Zimbabwe News and Internet Radio

Warriors barred from National Sports Stadium

By Robson Sharuko and Eddie Chikamhi

The Warriors were yesterday barred from using the National Sports Stadium for their training session, in a shocking move by officials who manage the giant sports facility and sparking outrage among the team’s fans across the country.

Warriors players (from left) Ovidy Karuru, Knowledge Musona, Khama Billiat and Tinotenda Kadewere pose for a picture in trendy new suits. The Warriors are set for a date with President Mnangagwa this evening as they prepare for the 2019 Afcon qualifier against Congo on Sunday.

Scores of fans reacted with rage, on many social media platforms, in the wake of the ugly events at the giant stadium yesterday.

The Warriors host Congo-Brazzaville at the National Sports Stadium on Sunday, in a final Nations Cup qualifier, which has generated massive interest throughout the country, needing just a draw to book a ticket to the showcase in Egypt.

But on a day in which the overwhelming support towards the team was highlighted by Harare businessman, Cohen Chimedza, the managing director of 4May shops who donated trendy suits to all the members of the Warriors’ squad, the team suffered a huge setback when they were barred from training at the giant stadium.

The Warriors had scheduled their first training session at the giant stadium yesterday, they trooped into camp on Monday and were given the greenlight to use the venue whose pitch was being attended to by authorities since last week following concerns it had become a bumpy surface.

But the plans for the players to have a feel of their home ground this week, ahead of their showdown against the Congolese, were shattered when the security personnel manning the giant stadium told the Warriors’ officials that they had been ordered not to allow the team to train there.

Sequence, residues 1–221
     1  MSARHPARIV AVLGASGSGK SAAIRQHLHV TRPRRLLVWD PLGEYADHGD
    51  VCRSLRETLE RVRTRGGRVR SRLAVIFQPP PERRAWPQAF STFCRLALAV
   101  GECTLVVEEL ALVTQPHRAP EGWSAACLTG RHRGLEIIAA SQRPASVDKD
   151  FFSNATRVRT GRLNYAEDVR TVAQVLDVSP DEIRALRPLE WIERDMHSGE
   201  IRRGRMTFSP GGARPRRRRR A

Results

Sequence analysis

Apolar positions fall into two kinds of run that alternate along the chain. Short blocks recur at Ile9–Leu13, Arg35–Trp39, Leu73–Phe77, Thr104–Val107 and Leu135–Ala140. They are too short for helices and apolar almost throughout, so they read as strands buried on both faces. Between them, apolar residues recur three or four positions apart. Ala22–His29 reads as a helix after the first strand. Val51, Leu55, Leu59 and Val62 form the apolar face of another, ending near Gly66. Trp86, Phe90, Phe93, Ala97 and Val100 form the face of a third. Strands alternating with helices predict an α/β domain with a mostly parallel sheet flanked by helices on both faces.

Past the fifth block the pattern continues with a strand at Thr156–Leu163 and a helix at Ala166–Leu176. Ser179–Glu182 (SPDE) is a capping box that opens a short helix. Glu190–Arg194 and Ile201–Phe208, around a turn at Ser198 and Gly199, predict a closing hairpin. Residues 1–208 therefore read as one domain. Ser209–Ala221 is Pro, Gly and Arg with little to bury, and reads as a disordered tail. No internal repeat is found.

“When I arrived at the stadium, I was shocked to be advised that the team would not be allowed to use the ground for training because an official from the Ministry of Local Government, Public Works and National Housing, identified only as Dzukwa, said that some complications had arisen,’’ Warriors team manager Wellington Mpandare told our sister paper, The Herald.

“The officials from the ministry which is in charge of the stadium said they were not happy that Zifa had not provided them with access to the electronic system that the association is using to sell tickets because they get a percentage from the gross amount realised from the sale of the tickets, they felt they needed to monitor the electronic process.

“I reasoned with them that since the Warriors are representing the entire country and are on national duty, they should be allowed to train while whatever issues might exist between Zifa and them could be dealt with later because if we lost a whole day of training especially the first day back at the National Sports Stadium, we would not be able to make up for it.

“I argued that other issues can be dealt with any other day, in the evening or later that night but once we lost training time then we wouldn’t be able to get it back but the officials would not listen and one of them even told me that we should try training at Zifa House.